The Kashmir dispute is the oldest unresolved international conflict in the world today. Pakistan considers Kashmir as its core political dispute with India. So does the international community, except India. The exchange of fire between their forces across the Line of Control, which separates Azad Kashmir from Occupied Kashmir, is a routine affair. Now that both India and Pakistan have acquired nuclear weapons potential, the possibility of a third war between them over Kashmir, which may involve the use of nuclear weapons, cannot be ruled out. Kashmir may be a cause to a likely nuclear disaster in South Asia, which should be averted with an intervention by the international community. Such an intervention is urgently required to put an end to Indian atrocities in Occupied Kashmir and prepare the ground for the implementation of UN resolutions, which call for the holding of a plebiscite to determine the wishes of the Kashmiri people.
Cause of the Kashmir dispute :-
India’s forcible occupation of the State of Jammu and Kashmir in 1947 is the main cause of the dispute. India claims to have ‘signed’ a controversial document, the Instrument of Accession, on 26 October 1947 with the Maharaja of Kashmir, in which the Maharaja obtained India’s military help against popular insurgency. The people of Kashmir and Pakistan do not accept the Indian claim. There are doubts about the very existence of the Instrument of Accession. The United Nations also does not consider Indian claim as legally valid: it recognizes Kashmir as a disputed territory. Except India, the entire world community recognizes Kashmir as a disputed territory. The fact is that all the principles on the basis of which the Indian subcontinent was partitioned by the British in 1947 justify Kashmir becoming a part of Pakistan: the State had majority Muslim population, and it not only enjoyed geographical proximity with Pakistan but also had essential economic linkages with the territories constituting Pakistan.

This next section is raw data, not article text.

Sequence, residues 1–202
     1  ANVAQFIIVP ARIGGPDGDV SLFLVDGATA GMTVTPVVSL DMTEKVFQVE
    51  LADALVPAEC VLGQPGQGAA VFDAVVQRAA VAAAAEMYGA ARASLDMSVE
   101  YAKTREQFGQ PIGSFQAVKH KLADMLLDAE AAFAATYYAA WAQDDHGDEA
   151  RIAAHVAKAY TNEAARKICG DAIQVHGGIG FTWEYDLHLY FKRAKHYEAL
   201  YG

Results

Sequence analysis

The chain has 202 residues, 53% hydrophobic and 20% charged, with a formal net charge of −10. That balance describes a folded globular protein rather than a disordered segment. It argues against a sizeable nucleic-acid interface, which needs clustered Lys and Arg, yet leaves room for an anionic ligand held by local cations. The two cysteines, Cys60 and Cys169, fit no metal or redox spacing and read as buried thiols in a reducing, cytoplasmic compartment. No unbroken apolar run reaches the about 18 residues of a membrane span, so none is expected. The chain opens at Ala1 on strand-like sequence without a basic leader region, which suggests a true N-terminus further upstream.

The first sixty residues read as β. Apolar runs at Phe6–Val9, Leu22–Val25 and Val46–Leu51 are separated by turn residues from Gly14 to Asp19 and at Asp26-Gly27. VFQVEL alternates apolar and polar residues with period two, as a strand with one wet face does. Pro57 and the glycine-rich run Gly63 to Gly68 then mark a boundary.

History of the dispute:-
The State of Jammu and Kashmir has historically remained independent, except in the anarchical conditions of the late 18th and first half of the 19th century, or when incorporated in the vast empires set up by the Mauryas (3rd century BC), the Mughals (16th to 18th century) and the British (mid-19th to mid-20th century). All these empires included not only present-day India and Pakistan but some other countries of the region as well. Until 1846, Kashmir was part of the Sikh empire. In that year, the British defeated the Sikhs and sold Kashmir to Gulab Singh of Jammu for Rs. 7.5 million under the Treaty of Amritsar. Gulab Singh, the Maharaja, signed a separate treaty with the British, which gave him the status of an independent princely ruler of Kashmir. Gulab Singh died in 1857 and was replaced by Rambir Singh (1857-1885). Two other Maharajas, Partab Singh (1885-1925) and Hari Singh (1925-1949) ruled in succession. Gulab Singh and his successors ruled Kashmir in a tyrannical and repressive way. The people of Kashmir, nearly 80 per cent of who were Muslims, rose against Maharaja Hari Singh’s rule. He ruthlessly crushed a mass uprising in 1931. In 1932, Sheikh Abdullah formed Kashmir’s first political party—the All Jammu & Kashmir Muslim Conference (renamed as National Conference in 1939). In 1934, the Maharaja gave way and allowed limited democracy in the form of a Legislative Assembly. However, unease with the Maharaja’s rule continued. According to the instruments of partition of India, the rulers of princely states were given the choice to freely accede to either India or Pakistan, or to remain independent. They were, however, advised to accede to the contiguous dominion, taking into consideration the geographical and ethnic issues. In Kashmir, however, the Maharaja hesitated. The principally Muslim population, having seen the early and covert arrival of Indian troops, rebelled and things got out of the Maharaja’s...